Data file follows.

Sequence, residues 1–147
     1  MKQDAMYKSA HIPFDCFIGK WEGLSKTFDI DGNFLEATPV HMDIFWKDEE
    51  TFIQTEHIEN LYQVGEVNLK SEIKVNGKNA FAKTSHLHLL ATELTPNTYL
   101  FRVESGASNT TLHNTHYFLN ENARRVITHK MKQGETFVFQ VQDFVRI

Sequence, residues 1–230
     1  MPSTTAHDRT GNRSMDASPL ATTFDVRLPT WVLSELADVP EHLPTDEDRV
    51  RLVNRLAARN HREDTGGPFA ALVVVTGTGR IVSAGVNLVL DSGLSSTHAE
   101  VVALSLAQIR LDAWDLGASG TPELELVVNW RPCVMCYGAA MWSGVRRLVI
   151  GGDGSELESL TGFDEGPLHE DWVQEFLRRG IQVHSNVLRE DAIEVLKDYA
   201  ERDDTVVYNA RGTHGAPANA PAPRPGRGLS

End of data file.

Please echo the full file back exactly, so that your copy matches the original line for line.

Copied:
Sequence, residues 1–147
     1  MKQDAMYKSA HIPFDCFIGK WEGLSKTFDI DGNFLEATPV HMDIFWKDEE
    51  TFIQTEHIEN LYQVGEVNLK SEIKVNGKNA FAKTSHLHLL ATELTPNTYL
   101  FRVESGASNT TLHNTHYFLN ENARRVITHK MKQGETFVFQ VQDFVRI

Sequence, residues 1–230
     1  MPSTTAHDRT GNRSMDASPL ATTFDVRLPT WVLSELADVP EHLPTDEDRV
    51  RLVNRLAARN HREDTGGPFA ALVVVTGTGR IVSAGVNLVL DSGLSSTHAE
   101  VVALSLAQIR LDAWDLGASG TPELELVVNW RPCVMCYGAA MWSGVRRLVI
   151  GGDGSELESL TGFDEGPLHE DWVQEFLRRG IQVHSNVLRE DAIEVLKDYA
   201  ERDDTVVYNA RGTHGAPANA PAPRPGRGLS